||Cambridge University Press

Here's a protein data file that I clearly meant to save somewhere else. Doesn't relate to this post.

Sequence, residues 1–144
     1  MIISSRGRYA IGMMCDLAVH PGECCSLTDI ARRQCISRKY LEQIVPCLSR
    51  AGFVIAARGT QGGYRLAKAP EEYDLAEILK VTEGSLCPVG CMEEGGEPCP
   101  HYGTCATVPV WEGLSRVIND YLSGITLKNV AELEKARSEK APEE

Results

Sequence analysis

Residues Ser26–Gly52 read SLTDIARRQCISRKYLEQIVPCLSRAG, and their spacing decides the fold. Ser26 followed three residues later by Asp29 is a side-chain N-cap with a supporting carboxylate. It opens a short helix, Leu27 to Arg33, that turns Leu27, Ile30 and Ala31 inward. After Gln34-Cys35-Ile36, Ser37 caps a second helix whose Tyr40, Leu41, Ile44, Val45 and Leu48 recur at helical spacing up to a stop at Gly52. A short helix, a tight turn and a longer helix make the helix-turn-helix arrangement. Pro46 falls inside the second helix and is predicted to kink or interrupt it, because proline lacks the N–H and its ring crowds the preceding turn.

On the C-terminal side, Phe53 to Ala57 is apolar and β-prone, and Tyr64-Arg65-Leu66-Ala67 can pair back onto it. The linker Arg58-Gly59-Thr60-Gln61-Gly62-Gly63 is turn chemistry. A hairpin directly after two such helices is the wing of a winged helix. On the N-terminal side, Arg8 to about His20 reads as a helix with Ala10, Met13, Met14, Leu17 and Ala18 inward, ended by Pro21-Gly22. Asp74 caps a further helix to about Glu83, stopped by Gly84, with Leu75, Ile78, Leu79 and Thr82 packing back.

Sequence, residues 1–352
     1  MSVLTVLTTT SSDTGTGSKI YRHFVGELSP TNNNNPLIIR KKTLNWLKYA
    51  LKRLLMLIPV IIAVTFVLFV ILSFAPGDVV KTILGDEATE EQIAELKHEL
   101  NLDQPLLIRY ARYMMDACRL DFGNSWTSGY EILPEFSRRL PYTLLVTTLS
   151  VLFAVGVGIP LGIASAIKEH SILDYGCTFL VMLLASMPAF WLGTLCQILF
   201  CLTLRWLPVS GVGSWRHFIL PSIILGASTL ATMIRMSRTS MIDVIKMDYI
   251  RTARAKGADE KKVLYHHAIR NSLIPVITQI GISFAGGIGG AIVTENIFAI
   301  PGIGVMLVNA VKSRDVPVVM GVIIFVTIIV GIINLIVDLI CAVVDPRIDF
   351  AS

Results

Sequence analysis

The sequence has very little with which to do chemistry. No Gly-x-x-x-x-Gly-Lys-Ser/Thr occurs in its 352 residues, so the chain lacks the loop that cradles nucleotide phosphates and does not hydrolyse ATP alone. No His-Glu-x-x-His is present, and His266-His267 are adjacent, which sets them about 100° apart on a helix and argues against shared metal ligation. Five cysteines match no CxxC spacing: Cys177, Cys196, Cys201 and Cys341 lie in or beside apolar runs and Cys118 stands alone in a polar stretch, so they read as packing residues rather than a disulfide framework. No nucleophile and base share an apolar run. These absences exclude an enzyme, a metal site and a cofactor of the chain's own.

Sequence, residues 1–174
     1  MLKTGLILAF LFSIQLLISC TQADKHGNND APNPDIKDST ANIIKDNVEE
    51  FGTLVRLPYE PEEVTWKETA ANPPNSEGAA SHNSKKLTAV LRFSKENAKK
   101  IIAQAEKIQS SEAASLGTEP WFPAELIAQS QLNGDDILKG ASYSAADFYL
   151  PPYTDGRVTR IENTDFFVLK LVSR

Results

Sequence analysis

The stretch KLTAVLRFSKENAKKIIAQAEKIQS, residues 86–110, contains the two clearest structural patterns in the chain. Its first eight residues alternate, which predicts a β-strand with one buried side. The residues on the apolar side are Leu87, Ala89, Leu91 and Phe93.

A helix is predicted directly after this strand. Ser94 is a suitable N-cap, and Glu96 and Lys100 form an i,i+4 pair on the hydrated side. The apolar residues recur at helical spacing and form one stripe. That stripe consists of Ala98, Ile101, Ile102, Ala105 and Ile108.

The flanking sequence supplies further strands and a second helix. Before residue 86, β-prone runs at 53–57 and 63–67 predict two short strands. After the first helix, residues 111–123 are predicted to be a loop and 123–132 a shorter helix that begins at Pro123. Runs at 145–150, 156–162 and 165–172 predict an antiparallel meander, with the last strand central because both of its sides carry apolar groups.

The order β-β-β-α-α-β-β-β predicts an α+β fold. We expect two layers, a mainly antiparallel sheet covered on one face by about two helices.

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Following unprecedented violence in 2007/8, Kenya introduced two classic transitional justice mechanisms: a truth commission and international criminal proceedings. Both are widely believed to have failed, but why? And what do their performances say about contemporary Kenya; the ways in which violent pasts persist; and the shortcomings of transitional justice? Using the lens of performance, this book analyses how transitional justice efforts are incapable of dealing with how unjust and violent pasts actually persist. Gabrielle Lynch reveals the story of an ongoing political struggle requiring substantive socio-economic and political change that transitional justice mechanisms can theoretically recommend, and which they can sometimes help to initiate and inform, but which they cannot implement or create, and can sometimes unintentionally help to reinforce.